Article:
The week of April 20th marked two significant historical events. The first was Record Store Day, an annual promotional event targeting independent record shops and vinyl enthusiasts since 2008. This year saw the best one-week sales performance for records since Soundscan began keeping track in 1991.
The second event -- admittedly of lesser historical significance to anybody besides me -- was that my iTunes library exploded for no apparent reason. There are 170,000 tunes meticulously organized, dispatched into one thousand playlists and spanning the complete history of recorded music; my iTunes library could have been played end-to-end, without repeat, for more than 500 consecutive days. You could have conceived a baby, taken it to term, given birth to it and taught it to crawl before circling from ZZ-Top back to ABBA.
Thirteen years worth of Psychedelic Blues, Latin Jazz, Polka-Punk and sweater-wearing Dad-Rock. Italian Disco, Swedish Death-Metal, Tuvan throat-singing and Tiny Tim's "Tiptoe Thru the Tulips." Thomas Edison's spoken-word recordings, Jack Kerouac's beat verse and Sweet Brown's "Ain't Nobody Got Time For That." Thirty-six guys named Blind something-or-other, 14 bands with the word 'Big' in their name and -- no exaggeration -- 200+ versions of "House of the Rising Sun."
Then one morning, I started up my computer and it was gone... all gone. iTunes was just like, "Welcome. Let's Get Started." Or something. I don't remember. I was blinded by rage.
Now that iTunes is dead, I have to find another way to play my digital library. Spinning my hard-drive around at high speeds seems to have no effect whatsoever.
Point is, before I launch into a screed about why the vinyl resurgence is reaching dizzying new heights, just understand that I am not doing so from a position of audiophile snobbery or hipster douchebagerie. I am an equal opportunity junkie and I collect music in all its forms.
But my recent loss reinforced something that I suppose I always felt, and something that may actually help to explain an analog resurgence in the age of digitization. There's no substitute for the real thing; for the sense of security; the feeling of hard, heavy permanence; the assurance that a fierce virtual wind can't just whip in and blow it all away.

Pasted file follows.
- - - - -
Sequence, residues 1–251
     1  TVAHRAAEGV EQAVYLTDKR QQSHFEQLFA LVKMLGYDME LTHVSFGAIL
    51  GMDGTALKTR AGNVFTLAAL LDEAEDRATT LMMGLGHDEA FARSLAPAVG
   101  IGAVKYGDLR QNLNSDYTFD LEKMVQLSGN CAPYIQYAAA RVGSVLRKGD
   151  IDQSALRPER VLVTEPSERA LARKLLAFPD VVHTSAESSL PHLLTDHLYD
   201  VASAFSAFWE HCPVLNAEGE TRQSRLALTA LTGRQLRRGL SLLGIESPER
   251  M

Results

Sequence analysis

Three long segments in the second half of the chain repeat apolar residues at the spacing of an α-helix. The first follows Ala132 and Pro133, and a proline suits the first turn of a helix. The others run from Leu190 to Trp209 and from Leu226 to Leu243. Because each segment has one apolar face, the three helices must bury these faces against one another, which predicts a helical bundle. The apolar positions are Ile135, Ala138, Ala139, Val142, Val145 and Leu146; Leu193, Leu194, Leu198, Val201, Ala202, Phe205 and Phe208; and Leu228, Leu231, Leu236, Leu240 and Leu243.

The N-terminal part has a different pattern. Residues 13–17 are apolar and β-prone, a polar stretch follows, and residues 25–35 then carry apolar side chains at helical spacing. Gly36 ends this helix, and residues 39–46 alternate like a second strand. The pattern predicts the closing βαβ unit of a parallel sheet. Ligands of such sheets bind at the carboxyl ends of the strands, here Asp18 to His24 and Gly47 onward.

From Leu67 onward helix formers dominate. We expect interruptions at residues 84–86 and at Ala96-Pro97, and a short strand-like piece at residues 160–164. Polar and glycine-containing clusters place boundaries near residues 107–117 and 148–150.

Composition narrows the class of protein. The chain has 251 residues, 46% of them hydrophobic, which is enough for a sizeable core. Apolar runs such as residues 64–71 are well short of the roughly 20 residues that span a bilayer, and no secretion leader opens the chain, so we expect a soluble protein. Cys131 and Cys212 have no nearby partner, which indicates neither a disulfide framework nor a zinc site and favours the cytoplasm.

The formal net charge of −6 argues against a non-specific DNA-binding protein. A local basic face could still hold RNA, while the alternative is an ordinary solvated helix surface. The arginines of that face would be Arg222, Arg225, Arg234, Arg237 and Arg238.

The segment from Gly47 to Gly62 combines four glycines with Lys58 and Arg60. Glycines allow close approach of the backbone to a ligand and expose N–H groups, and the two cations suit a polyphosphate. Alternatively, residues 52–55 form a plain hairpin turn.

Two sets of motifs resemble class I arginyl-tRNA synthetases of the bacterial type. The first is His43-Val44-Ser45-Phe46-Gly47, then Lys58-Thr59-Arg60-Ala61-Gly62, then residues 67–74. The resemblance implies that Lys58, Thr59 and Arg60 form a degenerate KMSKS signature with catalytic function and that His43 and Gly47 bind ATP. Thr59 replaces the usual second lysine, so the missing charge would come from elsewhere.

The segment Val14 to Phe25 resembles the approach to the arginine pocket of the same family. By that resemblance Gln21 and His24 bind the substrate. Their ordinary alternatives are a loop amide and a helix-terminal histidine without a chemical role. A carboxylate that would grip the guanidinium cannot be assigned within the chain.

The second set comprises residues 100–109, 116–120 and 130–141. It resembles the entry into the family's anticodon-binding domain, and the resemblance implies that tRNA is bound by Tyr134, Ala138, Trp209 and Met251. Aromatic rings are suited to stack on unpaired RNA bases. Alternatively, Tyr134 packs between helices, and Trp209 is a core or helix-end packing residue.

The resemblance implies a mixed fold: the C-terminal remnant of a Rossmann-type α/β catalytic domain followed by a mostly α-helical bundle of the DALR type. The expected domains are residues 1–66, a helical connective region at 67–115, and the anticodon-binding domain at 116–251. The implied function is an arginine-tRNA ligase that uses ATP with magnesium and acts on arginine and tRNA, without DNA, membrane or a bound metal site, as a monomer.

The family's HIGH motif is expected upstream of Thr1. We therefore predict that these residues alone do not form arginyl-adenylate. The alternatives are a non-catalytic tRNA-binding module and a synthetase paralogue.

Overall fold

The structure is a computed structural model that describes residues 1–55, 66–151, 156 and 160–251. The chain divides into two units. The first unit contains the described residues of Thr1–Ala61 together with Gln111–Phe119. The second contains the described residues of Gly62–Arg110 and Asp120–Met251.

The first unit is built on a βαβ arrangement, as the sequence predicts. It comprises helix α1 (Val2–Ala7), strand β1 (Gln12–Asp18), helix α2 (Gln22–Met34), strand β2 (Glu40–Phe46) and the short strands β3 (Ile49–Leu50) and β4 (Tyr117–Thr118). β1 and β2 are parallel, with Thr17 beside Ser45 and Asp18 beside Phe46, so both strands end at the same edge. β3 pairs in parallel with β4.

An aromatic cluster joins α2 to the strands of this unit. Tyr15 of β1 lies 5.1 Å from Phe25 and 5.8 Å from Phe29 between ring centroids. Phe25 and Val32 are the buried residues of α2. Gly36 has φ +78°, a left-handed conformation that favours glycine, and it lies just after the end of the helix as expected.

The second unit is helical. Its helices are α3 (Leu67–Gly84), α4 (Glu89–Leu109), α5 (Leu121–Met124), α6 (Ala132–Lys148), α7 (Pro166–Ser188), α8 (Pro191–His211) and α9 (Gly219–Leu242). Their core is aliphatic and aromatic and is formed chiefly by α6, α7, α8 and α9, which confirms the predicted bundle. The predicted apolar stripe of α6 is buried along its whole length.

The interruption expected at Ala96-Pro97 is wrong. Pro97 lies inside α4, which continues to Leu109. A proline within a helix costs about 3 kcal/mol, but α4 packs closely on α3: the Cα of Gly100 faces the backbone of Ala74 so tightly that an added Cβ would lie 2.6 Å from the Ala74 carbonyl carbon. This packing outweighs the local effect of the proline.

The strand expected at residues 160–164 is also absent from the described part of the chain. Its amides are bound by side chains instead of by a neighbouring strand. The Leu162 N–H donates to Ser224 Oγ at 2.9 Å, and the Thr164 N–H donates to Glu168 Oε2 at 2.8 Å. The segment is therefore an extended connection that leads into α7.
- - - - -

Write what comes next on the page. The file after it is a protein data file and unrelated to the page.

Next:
From 2011 to 2012, vinyl sales increased by a dramatic 18 percent while CDs continued their equally dramatic descent into antiquity, declining at a rate of 13.5 percent. The success of titles like Mumford and Sons' Babel, Jack White's Blunderbuss and Adele's 21 suggests that vinyl is mainstream once again.
The steady uptick in vinyl sales across the last eight years is no threat to the continuing reign of digital music. At 4.6 million vinyl units moved last year, the medium still only accounts for 1.4 percent of the total market. But its performance against the general downward trend of physical media is worth considering. As a music-buying community, we have chosen to resurrect just this one medium from the dead. This act of cultural retrieval may say quite a bit about what we've become and whether we want to stay that way.
We are programmed for easy access, rapid response and instant gratification. And who can blame us? Vinyl travels terribly compared to my iPhone. In the unlikely event that you ever get your hands on a 1961 Chrysler DeSoto, it actually had a 45 RPM record player built into the consul. You just have to decide if your vinyl fetish is worth getting 40 feet to the gallon.
There are a million reasons why vinyl went out of style and most of them have to do with convenience, not just in how we listen to music, but in everything we do. I'm as spoiled by modernity as the next guy. But maybe not everything should be so convenient.
The act of purchasing, picking out and playing vinyl is an attempt to reclaim the process of music listening as something more than convenience; as something planned, engaged and revisited. Point of fact, you can't put your vinyl collection on random and let Pandora do the thinking for you. You can't queue up the next 400 songs on your record player and forget who sings them. You can't accidentally think America's "Horse With No Name" is by Neil Young just because a bunch of irresponsible Napster users labeled it that way all those millions of downloads ago.
I won't romanticize the listening experience. If you have a good stereo, and a good record player, you will enjoy greater sonic richness than you would on your iPod. But your run-of-the-mill thrift shop beater will not necessarily enhance your appreciation for the finer nuances of Meatloaf's Bat Out of Hell. As far as interference goes, I like pops and hisses better than blip and blops. But that's me.